Board member Amanda Fernandez asked if personalized learning is a potential solution for the equity challenges in Massachusetts schools, and the answer was a resounding yes. Klau pointed out that Massachusetts education works extremely well for many students- we are leading the nation- but it doesnt work for all. Michael Moriarity asked about the role of parent agency in PL. Parent agency is supported by more access to understanding what standards a child has mastered, where he or she is in the learning process.
Student board member Hannah Trimarchi asked if teaching to the test is a barrier to personalization. Both Garcia and Horn didnt think so. Students will continue to be assessed; Garcia is looking for a way to make the assessments more meaningful to kids.
David OConnor is the Executive Director of the Massachusetts Personalized Learning Edtech Consortium (MAPLE), a public-private partnership between the Department of Elementary and Secondary Ed and LearnLaunch Institute. He recounted how in a year and a half, 39 districts representing 20% of the state have joined MAPLE. He reviewed the landscape of personalized learning (PL) in MA and districts desire for more educator professional development to see personalized learning in action. MAPLE members say they want to personalize in order to differentiate instruction, engage students and better serve a more diverse student body.
David Ruff, the Executive Director of the New England Secondary Schools Consortium, pointed out that Massachusetts has now joined the Consortium, which is focused on personalized and competency-based learning, and is a resource for state-level departments of education. All other New England States are members. Ruff pointed out the tremendous gains from students ownership of their own learning. He also highlighted the many different aspects of school practice which need to come together to be successful at personalization.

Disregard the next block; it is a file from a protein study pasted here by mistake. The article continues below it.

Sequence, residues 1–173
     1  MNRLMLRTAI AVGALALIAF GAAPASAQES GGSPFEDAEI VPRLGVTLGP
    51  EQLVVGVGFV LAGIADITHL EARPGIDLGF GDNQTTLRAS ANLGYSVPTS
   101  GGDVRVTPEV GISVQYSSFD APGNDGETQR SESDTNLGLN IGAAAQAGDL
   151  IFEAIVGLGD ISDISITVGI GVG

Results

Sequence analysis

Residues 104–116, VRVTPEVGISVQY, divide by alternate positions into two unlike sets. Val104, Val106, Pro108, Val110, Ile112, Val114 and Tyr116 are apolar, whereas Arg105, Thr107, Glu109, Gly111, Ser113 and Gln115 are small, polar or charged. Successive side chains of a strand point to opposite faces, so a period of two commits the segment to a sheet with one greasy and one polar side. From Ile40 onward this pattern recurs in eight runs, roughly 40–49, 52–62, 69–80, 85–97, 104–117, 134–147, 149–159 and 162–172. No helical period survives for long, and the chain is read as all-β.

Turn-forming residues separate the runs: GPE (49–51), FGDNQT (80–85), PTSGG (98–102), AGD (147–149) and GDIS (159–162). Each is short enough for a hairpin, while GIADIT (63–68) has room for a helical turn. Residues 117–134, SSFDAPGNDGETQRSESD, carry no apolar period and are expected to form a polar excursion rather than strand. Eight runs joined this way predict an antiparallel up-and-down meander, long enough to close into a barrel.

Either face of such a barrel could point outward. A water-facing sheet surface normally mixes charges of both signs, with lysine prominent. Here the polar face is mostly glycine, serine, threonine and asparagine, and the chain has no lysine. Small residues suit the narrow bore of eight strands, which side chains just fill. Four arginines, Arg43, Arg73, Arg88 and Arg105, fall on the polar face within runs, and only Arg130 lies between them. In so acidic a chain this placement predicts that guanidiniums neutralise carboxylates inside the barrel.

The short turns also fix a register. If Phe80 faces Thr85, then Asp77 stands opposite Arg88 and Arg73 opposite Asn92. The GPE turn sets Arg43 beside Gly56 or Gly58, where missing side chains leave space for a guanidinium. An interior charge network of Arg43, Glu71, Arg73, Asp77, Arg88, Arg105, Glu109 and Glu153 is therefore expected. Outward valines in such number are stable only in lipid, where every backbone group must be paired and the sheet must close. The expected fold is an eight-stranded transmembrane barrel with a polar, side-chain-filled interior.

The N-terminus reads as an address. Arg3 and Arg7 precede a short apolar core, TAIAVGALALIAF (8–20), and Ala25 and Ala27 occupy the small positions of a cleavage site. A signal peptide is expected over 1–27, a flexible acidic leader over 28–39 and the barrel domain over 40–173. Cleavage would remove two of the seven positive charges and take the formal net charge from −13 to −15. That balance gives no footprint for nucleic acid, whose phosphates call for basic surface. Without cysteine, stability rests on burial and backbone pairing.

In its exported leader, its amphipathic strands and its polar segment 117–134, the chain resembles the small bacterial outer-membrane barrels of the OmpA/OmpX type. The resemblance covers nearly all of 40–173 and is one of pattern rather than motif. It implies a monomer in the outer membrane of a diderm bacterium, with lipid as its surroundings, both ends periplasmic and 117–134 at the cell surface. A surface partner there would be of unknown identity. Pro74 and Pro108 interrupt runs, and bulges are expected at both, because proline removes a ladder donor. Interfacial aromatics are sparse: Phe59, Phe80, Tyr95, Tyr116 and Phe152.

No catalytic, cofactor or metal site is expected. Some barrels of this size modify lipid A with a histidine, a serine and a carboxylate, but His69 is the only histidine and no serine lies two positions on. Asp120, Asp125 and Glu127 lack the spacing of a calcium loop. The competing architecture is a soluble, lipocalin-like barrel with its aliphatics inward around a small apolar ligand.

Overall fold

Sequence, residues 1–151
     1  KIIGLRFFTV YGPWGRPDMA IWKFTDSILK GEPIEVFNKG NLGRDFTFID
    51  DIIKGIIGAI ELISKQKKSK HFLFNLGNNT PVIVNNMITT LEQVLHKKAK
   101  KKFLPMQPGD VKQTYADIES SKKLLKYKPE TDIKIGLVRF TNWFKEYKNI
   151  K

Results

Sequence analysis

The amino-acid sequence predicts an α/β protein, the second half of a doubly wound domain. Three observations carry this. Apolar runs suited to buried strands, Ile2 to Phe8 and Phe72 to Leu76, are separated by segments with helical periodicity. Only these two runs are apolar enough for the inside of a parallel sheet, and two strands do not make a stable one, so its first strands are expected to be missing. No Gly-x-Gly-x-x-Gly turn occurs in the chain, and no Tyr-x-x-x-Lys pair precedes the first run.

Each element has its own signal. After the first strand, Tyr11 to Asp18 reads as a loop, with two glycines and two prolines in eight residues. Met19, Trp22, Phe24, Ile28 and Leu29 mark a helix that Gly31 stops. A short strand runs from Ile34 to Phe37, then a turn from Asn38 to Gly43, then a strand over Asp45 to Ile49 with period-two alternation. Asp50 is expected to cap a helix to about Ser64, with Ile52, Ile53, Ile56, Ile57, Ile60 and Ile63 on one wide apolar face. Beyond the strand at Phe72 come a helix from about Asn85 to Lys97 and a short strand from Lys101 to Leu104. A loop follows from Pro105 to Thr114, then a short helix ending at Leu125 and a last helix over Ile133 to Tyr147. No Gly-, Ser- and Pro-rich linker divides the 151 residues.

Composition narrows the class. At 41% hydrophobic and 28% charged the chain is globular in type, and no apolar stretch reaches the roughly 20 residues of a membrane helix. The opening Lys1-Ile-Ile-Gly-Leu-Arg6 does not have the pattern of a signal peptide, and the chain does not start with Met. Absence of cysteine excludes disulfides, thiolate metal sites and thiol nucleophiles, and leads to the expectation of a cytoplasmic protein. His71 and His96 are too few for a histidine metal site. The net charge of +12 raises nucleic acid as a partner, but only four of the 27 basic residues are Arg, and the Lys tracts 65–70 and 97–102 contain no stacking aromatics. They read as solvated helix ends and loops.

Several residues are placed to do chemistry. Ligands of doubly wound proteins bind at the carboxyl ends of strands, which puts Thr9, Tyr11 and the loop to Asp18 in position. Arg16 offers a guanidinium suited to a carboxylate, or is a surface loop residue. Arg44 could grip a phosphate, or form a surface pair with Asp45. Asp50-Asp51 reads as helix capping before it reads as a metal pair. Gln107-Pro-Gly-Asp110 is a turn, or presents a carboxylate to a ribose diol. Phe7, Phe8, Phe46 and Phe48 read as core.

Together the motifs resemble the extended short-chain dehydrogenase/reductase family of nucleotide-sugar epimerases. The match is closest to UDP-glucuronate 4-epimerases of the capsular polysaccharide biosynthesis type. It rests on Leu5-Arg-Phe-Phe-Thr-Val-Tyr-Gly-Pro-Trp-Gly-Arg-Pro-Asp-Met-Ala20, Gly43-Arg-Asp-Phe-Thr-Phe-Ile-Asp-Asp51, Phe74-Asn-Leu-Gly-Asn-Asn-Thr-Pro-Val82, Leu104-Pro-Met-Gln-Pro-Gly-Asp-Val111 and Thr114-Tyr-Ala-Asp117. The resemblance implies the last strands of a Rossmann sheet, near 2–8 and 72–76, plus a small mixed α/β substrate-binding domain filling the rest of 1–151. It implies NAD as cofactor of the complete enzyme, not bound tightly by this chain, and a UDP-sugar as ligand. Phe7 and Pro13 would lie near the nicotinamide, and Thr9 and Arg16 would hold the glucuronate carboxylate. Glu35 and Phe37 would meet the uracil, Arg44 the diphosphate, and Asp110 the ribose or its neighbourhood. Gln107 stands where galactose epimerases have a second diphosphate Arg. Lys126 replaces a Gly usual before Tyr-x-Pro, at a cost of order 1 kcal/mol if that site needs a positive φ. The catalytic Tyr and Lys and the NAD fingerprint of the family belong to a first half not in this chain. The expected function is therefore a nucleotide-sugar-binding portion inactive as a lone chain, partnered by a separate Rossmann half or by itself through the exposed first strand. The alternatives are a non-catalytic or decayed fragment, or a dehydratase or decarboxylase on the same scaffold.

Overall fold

Massachusetts rigorous standards, with personalization and mastery focus, will yield better learning for all students, Horn posited. Blended learning is the approach that can scale up. He also reviewed the research base for individualized instruction, which shows positive effects in the order of 1 standard deviation. He also reviewed the research base for mastery learning, with effect size ranging from .4 to 1.1 standard deviations.
The meeting concluded with the board chair Paul Sagan suggesting the board would continue to look into this topic so it can be a support to Massachusetts educators.
Definition of Personalized Learning in Massachusetts
Personalized learning seeks to accelerate student learning by tailoring the instructional environment-what, when, how and where students learn- to address the individual needs, skills and interests of each student.
Within a framework of established curriculum standards and high expectations, personalized learning motivates students to reach their goals. Students take ownership of their own learning and develop deep, personal connections with each other, their teachers and other adults.
Technology is necessary to implement personalized learning effectively, affordably, and at significant scale. Teachers leverage technology to gain detailed and timely knowledge of their students that guides instruction. Effective use of technology allows teachers and students to focus more on creativity, critical thinking, and collaboration.